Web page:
In addition to the American Library Association's Executive Board's statement on racism, several ALA chapters have stated their dedication to...
Extending Our Reach: Reducing Homelessness Through Library Engagement
Some common terms that relate to issues of homelessness include:
Homeless: Federally defined as “a person sleeping in a place not meant for human habitation (e.g. living on the streets) OR living in a homeless emergency shelter.”
Hidden homeless: These include people who are precariously housed and at eminent risk of becoming literally homeless. They may be doubled up with friends or relatives, or temporarily staying in a motel or sleeping in their cars. Hidden homeless refers to the fact they are not visibly homeless.
Chronic homelessness: Federally defined as “either (1) an unaccompanied homeless individual with a disabling condition who has been continuously homeless for a year or more, OR (2) an unaccompanied individual with a disabling condition who has had at least four episodes of homelessness in the past three years.”
Throwaway youth: A term used to describe two types of circumstance: 1) A child who is asked or told to leave home by a parent or other household adult, without adequate alternative care being arranged for the child by a household adult, and with the child out of the household overnight, or 2) A child who is away from home and is prevented from returning home by a parent or other household adult, without adequate alternative care being arranged for the child by a household adult, and the child is out of the household overnight.
Affordable housing: Housing, either ownership or rental, for which a household will pay no more than 30% of its gross annual income.
Continuum of care: Organization of service providers established by Department of Housing and Urban Development (HUD) to oversee community planning around homelessness. Continua work together to define needs, plan strategies, and prioritize funding for supportive housing services.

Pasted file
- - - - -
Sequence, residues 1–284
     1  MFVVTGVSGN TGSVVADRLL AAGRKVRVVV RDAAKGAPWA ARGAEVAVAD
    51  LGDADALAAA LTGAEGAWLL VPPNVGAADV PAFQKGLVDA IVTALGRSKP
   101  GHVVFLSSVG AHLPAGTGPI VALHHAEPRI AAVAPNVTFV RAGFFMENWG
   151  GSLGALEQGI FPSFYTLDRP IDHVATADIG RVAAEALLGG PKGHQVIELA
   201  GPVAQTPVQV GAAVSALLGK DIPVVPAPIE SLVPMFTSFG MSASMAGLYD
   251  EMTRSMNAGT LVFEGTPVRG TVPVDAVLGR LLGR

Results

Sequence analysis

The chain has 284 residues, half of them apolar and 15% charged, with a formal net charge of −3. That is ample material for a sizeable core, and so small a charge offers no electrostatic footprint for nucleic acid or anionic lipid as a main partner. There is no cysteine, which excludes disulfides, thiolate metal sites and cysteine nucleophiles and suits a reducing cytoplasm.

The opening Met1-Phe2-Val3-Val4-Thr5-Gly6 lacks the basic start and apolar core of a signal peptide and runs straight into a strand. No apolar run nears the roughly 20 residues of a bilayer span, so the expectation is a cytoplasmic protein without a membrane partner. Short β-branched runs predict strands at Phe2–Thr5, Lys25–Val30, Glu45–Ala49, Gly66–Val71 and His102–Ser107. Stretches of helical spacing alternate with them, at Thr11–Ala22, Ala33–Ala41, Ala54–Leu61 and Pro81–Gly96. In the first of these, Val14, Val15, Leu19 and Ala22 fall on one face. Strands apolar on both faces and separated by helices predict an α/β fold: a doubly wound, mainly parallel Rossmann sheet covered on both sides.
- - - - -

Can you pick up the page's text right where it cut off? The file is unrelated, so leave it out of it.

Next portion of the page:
Emergency housing: Temporary housing provided on an emergency basis. Stays at emergency shelters are limited in time and the amount of time varies among shelters. For some programs, emergency shelters are the first step in a series of steps as homeless adults and youth move from emergency to transitional to permanent housing.
Transitional housing: Housing that is more stable than emergency housing and that can be for a longer period of time, such as 1 to 2 years. Once homeless youth and adults have been stabilized in emergency housing, they may move to transitional housing as a next step.
Supportive housing: Subsidized housing directly tied to specific supportive services for homeless individuals or families who have come from emergency shelters or the streets. Supportive housing may be categorized as transitional (people may stay for up to 2 years) or permanent (there is no limit on the length of stay and clients abide by a lease).
Housing First: A term that that has come to mean providing a chronic homeless person with direct and immediate access to housing. It reverses the traditional concept of “treatment first and then housing” to “housing first and then appropriate treatment.” Housing first is a consumer driven model. It is producing successful outcomes for keeping people from returning to the streets.
Harm reduction: Harm reduction is a nonjudgmental philosophy that allows young people and adults to have input into their own recovery plans. A harm reduction approach begins with the person, allowing each person to progress at a comfortable pace.
Case management: The process of arranging for provision of an array of services and supports for an individual or family that is based on assessment of their unique needs and designed to address the specific needs identified.
These definitions come from a variety of sources, including: Larkinstreet.org; Anendinten.org; HUD; the Virginia Department of Health and Human Resources; National Resource Center on Domestic Violence